I spend a large portion of my day scouring SoundCloud and other underground music outlets looking for talent. Usually, that search is “rewarded” with Future impersonators, delusional white kids and a sad potential outlook for Hip Hop. But, sometimes I get lucky. Sometimes, I come across an individual with talent, confidence and appeal. In late May 2016, I came across a musician who belongs in the latter group. I came across Yung Simmie.
The South Florida spitter uses heavy bass lines, trappy vibes and well-crafted lyrics to detail his life and absolute goal: winning. But winning isn’t a linear formula—there’s no magic rule saying if you put in x amount of hours you’ll get y result; life just doesn’t work that way. It takes supreme confidence to invest in the complete unknown—your future—in hopes of yielding fruitful results without any indication of its trajectory aside from present information. However, successful individuals share certain characteristics: talent, ambition and an unmatched grind.
Amassing a strong following across his social media, this 22-year old emcee is trending in the direction of former underground lord turned household name. But Simmie is no overnight success—he’s an apt example of what materializes when big dreams meet an even bigger work ethic. When we asked how many tapes he put out this year, he began to give us an answer, and then looked up to his manager for assurance, hinting that the real number (three) most likely pales in comparison to the actual amount. So far this year he’s released: OG Smoke, BM3 (BaseMent Music 3) and It’s Simmie Season. Simmie matches his quantity with quality and takes great pride in his writing and music ability.
“I’m a thinker, man,” Yung Simmie said in a subdued tone. He’s not a loud person, but his writing speaks volumes about what transpires between his ears. He absorbs his surroundings—an impoverished corner of South Florida, life on the road, a growing fan base and bubbling success—and converts his perception into a therapy session through rhymes. Countless one-liners and analogies populate his verses, like this gem off “Dead Beat”: “Man these nigga’s faker than silicon titties, And I expose the fake too much realness in me, I pour up the Henny, I smoke til I’m dizzy, Stuffin the Philly, your girl on my dick while I’m doing my thizzy, Like I was Drizzy, nothing was the same by my name is Simmie.” Despite his high-caliber bars, as previously said, Simmie isn’t a household name yet, but that doesn’t deter him.
For me, I would be champing at the bit to elevate to that “Drake” status, but Simmie is a man wise beyond his years, strategizing his career one move at a time. I think a lot of determined individuals who try to boil the ocean get discouraged when speed bumps inevitably appear. Not Yung Simmie, though. I asked him point-blank what he thinks is precluding him from that upper echelon status, to which he promptly responded, “It just takes patience.” Yes, we all know that patience is a virtue, but understanding that concept intellectually and emotionally represents high emotional intelligence beyond Simmie’s youthful 22-years. Like I said, he is not an overnight success—patience is one of his pillars of success.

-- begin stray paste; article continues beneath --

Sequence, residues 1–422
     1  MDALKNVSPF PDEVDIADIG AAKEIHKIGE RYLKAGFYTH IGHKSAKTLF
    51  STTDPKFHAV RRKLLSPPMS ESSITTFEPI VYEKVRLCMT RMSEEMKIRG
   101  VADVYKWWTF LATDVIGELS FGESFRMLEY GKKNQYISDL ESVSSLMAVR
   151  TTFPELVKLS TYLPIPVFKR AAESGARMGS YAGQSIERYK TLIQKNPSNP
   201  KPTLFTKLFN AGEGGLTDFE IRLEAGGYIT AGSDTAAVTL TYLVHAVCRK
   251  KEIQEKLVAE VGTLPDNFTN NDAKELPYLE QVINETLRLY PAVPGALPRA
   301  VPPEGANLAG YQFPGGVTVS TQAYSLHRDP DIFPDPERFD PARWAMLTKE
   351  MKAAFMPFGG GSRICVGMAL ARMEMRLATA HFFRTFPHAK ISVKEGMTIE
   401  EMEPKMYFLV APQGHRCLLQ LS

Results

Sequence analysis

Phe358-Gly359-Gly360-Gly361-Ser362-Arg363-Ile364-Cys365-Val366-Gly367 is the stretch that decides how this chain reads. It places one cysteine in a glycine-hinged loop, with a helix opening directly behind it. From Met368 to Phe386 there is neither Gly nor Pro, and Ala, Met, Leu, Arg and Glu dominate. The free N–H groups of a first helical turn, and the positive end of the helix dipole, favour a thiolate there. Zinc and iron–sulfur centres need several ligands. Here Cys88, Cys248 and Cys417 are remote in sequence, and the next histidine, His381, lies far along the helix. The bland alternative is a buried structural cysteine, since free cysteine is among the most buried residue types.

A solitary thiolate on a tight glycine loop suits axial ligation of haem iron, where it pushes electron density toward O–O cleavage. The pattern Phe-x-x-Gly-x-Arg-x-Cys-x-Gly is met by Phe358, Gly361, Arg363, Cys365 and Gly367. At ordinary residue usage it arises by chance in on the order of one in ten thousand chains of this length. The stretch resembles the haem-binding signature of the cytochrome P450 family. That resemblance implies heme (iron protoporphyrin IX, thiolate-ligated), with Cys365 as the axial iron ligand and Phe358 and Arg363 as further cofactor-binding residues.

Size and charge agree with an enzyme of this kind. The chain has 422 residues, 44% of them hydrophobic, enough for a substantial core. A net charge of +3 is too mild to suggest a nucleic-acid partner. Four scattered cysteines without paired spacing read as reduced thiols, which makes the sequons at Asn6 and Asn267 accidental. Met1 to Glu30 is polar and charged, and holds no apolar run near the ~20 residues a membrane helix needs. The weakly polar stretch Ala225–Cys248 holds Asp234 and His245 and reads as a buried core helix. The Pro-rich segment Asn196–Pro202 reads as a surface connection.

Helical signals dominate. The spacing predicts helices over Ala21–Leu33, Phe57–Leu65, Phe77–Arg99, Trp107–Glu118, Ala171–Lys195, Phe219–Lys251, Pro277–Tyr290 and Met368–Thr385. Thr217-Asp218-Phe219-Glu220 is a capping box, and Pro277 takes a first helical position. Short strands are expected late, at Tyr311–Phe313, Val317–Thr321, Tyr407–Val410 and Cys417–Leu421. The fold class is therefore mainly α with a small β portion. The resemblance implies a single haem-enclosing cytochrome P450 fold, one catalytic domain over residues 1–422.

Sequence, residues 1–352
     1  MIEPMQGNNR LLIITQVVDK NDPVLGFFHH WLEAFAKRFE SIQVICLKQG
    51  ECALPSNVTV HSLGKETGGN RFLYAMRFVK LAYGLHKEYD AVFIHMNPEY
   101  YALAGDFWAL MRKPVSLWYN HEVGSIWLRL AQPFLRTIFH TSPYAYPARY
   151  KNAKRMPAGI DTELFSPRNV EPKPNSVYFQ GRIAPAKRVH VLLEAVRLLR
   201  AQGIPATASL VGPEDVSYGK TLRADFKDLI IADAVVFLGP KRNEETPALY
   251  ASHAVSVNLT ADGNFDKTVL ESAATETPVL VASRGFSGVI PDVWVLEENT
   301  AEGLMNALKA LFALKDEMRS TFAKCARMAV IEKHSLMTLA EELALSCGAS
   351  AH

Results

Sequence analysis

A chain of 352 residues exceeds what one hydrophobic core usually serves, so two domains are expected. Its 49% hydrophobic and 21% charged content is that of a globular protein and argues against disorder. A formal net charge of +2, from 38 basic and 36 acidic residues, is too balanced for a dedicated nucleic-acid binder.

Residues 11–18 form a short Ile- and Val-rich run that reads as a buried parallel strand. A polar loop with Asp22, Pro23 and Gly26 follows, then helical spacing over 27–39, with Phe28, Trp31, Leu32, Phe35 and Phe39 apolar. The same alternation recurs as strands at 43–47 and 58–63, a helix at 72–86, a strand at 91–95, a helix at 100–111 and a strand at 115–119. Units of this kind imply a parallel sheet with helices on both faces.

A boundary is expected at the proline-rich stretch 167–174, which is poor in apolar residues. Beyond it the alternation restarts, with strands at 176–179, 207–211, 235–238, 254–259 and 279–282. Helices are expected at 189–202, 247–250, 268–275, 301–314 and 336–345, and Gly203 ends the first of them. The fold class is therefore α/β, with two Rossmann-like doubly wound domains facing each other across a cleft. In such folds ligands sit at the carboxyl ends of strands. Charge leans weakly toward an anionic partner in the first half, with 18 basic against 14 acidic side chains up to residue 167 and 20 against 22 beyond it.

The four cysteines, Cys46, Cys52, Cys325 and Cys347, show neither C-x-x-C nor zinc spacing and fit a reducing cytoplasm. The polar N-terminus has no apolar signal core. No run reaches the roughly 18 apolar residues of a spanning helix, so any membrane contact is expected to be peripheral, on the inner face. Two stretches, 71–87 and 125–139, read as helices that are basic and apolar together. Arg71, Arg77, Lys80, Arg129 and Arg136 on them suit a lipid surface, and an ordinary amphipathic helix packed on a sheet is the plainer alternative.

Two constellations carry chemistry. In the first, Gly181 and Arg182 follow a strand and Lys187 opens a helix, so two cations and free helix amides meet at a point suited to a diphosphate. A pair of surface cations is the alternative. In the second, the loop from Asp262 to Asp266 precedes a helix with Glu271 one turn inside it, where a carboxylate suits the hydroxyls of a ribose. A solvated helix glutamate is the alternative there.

Since his high school days of playing cornerback, Simmie has been an avid writer and always gravitated towards English classes. He had always been dippin’ and dabbin’ with writing and rapping, but while in a post-high school trade program, he finally realized that the pen is mightier than the sword and that his lyrical gift should dictate his future. With strength in bars and weakness in reach, Simmie knew that he needed to partner with a well-revered entity to bolster his Rap career. In 2012 he was recruited by the highly revered group, Raider Klan—spearheaded by famed producer, SpaceGhostPurrp, which afforded him the opportunity of performing a 30-city Europe tour.
That experience is one that Simmie will hold dearly throughout his life. Watching a sea of people vibe and rap to your blood and sweat (aka music) might be one of the greatest validators—especially when English is a second language to that sea. Hearing him explain this life-changing experience was impressive. Not just because he was selling out international shows, but because what it revealed about his personality.
In addition to the Simmie advocates praising his music, they also showed love by giving him gifts. This point of the interview is when I learned just how deep of an individual he is. While free alcohol and weed are great presents, his most prized possession from the tour is a handmade sweater. Just like Simmie, that sweater is one of one, and cannot be duplicated nor replicated. Hearing the appreciation in his voice when describing receiving that sweater was pretty special, and suggested that even if he doesn’t receive that superstardom fame, he’ll always have that sweater as a tangible reminder of how his work resonated with his fans. Luckily for his fans, they have a lot more Yung Simmie heat on the way.
Simmie will be dropping his fourth 2016 project, Simmie Season 2, on a date TBD. Sequels are a Simmie staple, as he loves to expand upon previous bodies of work to further their traction—examples are “Dead Beat” and “Dead Beat 2.” If his previous work is any indicator of Simmie Season 2, expect flames to roar out of your speakers.
Some days, I get tired of perusing SoundCloud in search of new talent. The wack emcees for sure outweigh the prosperous ones. But then, some days, I’m rewarded with a promising talent who commands my attention; who draws me in and forces me to dive into their work. Thank you, Yung Simmie, for producing great music and for being an even greater guest. I don’t have a homemade sweater to gift you, but I have two ears and a mind anxiously awaiting your next drop. Looking forward to it.
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